From: D. F. Siemens, Jr. (email@example.com)
Date: Mon Sep 01 2003 - 14:11:10 EDT
There is a "small" problem because John and others of his ilk do not
think their position through. If the Bible is totally true without any
admixture of the writers' worldview, then the Creator made the universe
so that honest men would see it differently. 6000 cannot be 13x10^9. This
means that God deliberately mislead or, to phrase it more bluntly,
produced a lie to deceive the majority of human beings. If he lied in
this area, one what basis can I hold that he did not lie in scripture?
What basis have I to believe that Jesus is the Son of God? The
fundamental problem is that a liar cannot be trusted even when he speaks
If, on the other hand, God used the understanding of those to whom and
through whom he spoke to present an image of his production and
protection of all things, refining the message as greater understanding
was gained, then we have a true message that is consonant with the
message of science. The choice, for scientist and laity alike, is a lying
God and young earth or a truth-telling God and an old earth.
By the way, if the Bible is the whole truth, 6000 cannot be stretched to
On Mon, 01 Sep 2003 12:14:53 -0400 Walter Hicks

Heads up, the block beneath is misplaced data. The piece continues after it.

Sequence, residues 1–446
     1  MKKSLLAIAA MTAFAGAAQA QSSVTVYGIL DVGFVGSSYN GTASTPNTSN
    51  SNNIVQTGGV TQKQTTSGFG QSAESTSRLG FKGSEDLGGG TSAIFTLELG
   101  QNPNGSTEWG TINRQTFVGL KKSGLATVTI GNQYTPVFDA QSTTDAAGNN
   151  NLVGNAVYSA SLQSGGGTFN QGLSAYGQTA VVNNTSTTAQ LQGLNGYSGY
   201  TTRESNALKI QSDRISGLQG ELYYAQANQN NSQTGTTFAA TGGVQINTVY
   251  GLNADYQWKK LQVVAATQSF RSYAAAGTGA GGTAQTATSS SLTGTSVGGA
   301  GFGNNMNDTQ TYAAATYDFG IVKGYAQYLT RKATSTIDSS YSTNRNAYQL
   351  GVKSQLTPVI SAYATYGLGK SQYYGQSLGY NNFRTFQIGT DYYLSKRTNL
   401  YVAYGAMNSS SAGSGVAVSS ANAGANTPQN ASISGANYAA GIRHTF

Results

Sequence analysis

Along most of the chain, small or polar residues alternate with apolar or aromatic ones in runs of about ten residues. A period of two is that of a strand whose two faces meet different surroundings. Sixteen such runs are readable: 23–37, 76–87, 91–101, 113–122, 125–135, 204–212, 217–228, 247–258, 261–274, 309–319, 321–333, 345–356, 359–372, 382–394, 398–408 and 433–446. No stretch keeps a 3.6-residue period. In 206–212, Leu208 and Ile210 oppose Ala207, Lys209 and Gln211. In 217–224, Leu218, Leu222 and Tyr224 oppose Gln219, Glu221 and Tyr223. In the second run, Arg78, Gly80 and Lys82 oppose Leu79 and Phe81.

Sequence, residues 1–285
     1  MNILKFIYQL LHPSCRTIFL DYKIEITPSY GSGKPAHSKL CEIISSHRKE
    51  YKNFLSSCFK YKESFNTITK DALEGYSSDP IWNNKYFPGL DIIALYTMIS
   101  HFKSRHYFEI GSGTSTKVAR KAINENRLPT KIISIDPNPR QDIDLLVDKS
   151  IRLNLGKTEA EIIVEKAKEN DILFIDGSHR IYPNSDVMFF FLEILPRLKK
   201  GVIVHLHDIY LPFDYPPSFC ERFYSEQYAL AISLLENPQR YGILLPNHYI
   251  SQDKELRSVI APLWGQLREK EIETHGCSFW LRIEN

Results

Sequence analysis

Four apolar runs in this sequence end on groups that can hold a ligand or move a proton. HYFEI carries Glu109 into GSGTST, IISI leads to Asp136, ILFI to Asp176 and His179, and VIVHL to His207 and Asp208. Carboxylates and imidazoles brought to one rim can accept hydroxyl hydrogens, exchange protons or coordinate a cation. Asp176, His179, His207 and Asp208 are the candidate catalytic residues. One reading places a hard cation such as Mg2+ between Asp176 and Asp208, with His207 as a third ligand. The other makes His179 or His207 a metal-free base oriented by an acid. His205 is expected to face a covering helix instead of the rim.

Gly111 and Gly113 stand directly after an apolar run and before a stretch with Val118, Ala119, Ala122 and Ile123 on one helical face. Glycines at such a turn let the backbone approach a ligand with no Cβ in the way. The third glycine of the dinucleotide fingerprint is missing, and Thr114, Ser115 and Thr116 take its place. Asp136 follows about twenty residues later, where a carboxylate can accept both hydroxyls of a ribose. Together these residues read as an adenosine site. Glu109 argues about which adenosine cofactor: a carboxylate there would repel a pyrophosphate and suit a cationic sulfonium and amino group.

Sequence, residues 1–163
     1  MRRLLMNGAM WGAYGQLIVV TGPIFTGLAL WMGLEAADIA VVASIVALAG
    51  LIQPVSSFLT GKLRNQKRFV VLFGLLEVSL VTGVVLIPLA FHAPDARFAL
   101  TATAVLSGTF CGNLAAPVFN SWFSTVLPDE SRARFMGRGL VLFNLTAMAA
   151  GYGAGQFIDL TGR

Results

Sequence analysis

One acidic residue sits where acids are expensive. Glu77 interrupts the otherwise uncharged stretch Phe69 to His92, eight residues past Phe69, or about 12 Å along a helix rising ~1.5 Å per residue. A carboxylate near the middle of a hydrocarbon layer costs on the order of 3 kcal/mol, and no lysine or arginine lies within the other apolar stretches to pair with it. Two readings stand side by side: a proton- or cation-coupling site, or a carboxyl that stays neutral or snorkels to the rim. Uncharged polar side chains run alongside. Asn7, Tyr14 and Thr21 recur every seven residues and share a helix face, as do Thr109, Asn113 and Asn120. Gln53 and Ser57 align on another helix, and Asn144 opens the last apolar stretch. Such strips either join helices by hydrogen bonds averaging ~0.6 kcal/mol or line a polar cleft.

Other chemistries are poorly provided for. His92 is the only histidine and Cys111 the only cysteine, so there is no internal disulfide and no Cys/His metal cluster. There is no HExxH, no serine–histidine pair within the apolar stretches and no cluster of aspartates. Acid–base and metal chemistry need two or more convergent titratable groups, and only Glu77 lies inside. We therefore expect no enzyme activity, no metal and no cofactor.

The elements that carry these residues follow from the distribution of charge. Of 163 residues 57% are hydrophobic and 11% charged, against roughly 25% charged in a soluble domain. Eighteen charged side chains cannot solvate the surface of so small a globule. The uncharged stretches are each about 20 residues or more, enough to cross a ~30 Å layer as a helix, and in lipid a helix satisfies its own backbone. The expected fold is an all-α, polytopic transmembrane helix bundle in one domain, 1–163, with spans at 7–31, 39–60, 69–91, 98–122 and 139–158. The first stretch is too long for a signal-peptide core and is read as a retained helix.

> I heard John MacArthur present this viewpoint on the radio.
> Science is fine for telling us the present. However, it cannot
> extrapolate to the past and ignore God's Word. God created the
> Universe for man.
> It says so in the Bible. If He he did so, why waste 15 billion years
> when it is
> just as easy for Him to bring it into existence in 6 days as the
> proclaims? That does not dispute what science sees in an "apparent"
> There is obviously no way to discriminate between these two
> outlooks. It is only
> a philosophy which says that it must be the way that it appears to
> be because
> God would not deceive in the physical universe. By the same token,
> one can claim
> that God does not deceive in the Bible.
> So I contend that a Christian non-scientist can well accept a
> literal Bible over
> the thoughts of a scientist. (I do not mean following the ICR!) If
> such opinions
> were reserved to a church Bible study it would be fine. It is just
> the Kooks who
> have to run around and make believe they have a scientific
> explanation of things
> that make life miserable.
> One of the more contentious issues is, Of course, evolution. It is
> the widely
> publicized outlook that this is a "random" process that makes for
> against scientific extrapolation to the past. If we spent more time
> Dawkins and the ilk we might look more credible to the
> non-scientific Christian.
> Just an opinion.
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